‘Unique’ community would build on aviation theme
The city of Roswell is unveiling more about its plans for development of the former airport acreage on the north side of town, envisioning an area that will eventually entice new residents and businesses to the city.
The next formal step in that process will be the introduction of a road grid sometime in August.
Bill Morris, community development manager, talked Friday about the concepts for the acreage surrounding West College Boulevard, ideas that could take 10 to 20 years to come to fruition as private developers would be the ones to build.
“We are looking to create a new place inside OMA (the Old Municipal Airport), inside Roswell,” Morris said to county and municipal representatives at a Southeast New Mexico Economic Development District meeting. “It is gonna be a mixed-use community, but not just a jumble of unrelated commercial and residential properties. It is going to be a community place.”
Morris said the city has been left wondering what to do with the acreage for about 50 years.
The land of about 640 acres was once the city’s airport for non-military air services. It is bound by 19th Street on the north, Eighth Street on the south, Sycamore Avenue on the west and Montana Avenue on the east. West College Boulevard runs through the middle.
When Walker Air Force Base closed in 1967, the city acquired ownership of that airfield and surrounding property. So the city transferred its commercial air services to the southside air base, now called the Roswell International Air Center. It closed the former municipal airport and eventually demolished the terminal building, the control tower and runways.
In recent years, the city has designated some of the OMA land for recreational purposes. Cielo Grande Recreation Area and the new Recreation and Aquatics Center are on the south side of West College Boulevard, while softball fields, an archery range and a current construction project for a New Mexico Game and Fish complex, to include youth recreation sites, are on the north side of the street.
The city is in the process of preparing its request to the Federal Aviation Administration for a full release of the land, and has been working with the city Planning and Zoning Commission and the Roswell City Council to submit its master plan, design guidelines and road grid.
What Morris said he and other city staff foresee is a multi-phased mixed-use development divided in quadrants that emphasizes walkability and “bikeability” and utilizes roundabouts rather than traffic signals.
Some areas will have single family homes, townhouses and duplexes. Another will introduce a concept to Roswell seen in larger cities — buildings with apartments on upper levels and retail businesses on the ground floor. This section will include a central plaza for community gatherings and events. “Commercial reserves” would be for a grocery store, restaurants or other businesses. Other portions will focus on recreation, including tree-lined trails, a brook and fishing ponds. A drone facility is also possible for the area.
Morris said that what also will make the area different is that it will be tied together by a common theme, in this case, an aviation theme.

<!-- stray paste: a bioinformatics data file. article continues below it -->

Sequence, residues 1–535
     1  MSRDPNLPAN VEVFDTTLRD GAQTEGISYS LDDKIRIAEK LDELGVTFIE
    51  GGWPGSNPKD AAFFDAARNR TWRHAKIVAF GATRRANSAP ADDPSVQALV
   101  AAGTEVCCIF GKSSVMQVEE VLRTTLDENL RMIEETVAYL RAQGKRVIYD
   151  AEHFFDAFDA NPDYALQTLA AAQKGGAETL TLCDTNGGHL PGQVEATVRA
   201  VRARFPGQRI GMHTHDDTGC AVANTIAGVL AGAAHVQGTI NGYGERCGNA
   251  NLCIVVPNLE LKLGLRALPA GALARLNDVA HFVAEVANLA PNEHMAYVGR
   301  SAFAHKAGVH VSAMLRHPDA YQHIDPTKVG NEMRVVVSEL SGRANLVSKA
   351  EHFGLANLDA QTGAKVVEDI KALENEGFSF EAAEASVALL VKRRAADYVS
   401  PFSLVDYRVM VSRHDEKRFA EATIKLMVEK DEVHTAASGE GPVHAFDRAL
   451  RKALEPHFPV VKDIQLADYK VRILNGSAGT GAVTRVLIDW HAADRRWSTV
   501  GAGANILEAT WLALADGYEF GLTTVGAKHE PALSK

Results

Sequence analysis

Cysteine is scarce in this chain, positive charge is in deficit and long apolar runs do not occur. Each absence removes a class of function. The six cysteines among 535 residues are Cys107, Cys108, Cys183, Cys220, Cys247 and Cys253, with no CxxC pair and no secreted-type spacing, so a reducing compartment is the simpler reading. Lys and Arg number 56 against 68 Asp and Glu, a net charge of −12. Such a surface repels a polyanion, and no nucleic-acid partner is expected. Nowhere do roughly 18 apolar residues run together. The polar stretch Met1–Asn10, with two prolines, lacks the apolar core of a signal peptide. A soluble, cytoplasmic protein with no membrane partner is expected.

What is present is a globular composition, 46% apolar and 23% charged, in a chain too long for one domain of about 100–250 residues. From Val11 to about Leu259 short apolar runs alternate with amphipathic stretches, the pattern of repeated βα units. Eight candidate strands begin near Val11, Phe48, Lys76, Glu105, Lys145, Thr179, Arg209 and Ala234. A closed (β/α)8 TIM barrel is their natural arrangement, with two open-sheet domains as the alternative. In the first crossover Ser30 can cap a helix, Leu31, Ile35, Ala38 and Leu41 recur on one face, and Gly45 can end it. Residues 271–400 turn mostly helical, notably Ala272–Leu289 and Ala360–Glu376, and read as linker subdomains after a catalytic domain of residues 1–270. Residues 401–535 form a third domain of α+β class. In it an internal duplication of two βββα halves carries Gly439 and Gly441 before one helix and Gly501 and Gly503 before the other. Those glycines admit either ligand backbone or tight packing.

“We want to create a place, so we have to create a theme,” he said, “something that when you were there, you would know you were in a unique place within the city.”
Roads will be named for airlines or aviation companies, and architectural features will be reminiscent of the 1930s and ‘40s art deco designs, popular during the area when U.S. aviation began to take over nationwide, including in Roswell. That was the era when rocket developer Robert H. Goddard; his funder, the Guggenheim family; and his friend Charles Lindberg were flying in and out of the area, Morris said. The new Recreation and Aquatic Center “hints” at the aviation theme, with an entrance that looks a bit like the former airport control tower.
Much remains to be done by the city, including a planned rerouting of Eighth Street east of Sycamore Avenue so that it meets up with Eighth Street west of Sycamore. But also, much relies on being able to attract private developers to fund and build projects, Morris said.
He added that single-family homebuilders would likely be the first to develop in the area.
“Residential will go first,” he said. “We have builders asking where they can go next.”
Mixed-use developments are regaining popularity in the United States, according to a Deloitte Services article. They were the dominant form of city living in the 1900s, but faded out as people began to prefer single-family housing separate from commercial areas and grew comfortable with driving frequently. The article said mixed-use projects have re-emerged in cities in recent years as more people in all age groups are telling market analysis researchers that they would prefer to live in areas where they can walk to restaurants, coffee shops and businesses.
Following his presentation, Morris was asked what the city was planning for south Roswell. He said there are efforts to create affordable housing in the Roswell International Air Center area.
Senior Writer Lisa Dunlap can be reached at 575-622-7710, ext. 311, or at email@example.com.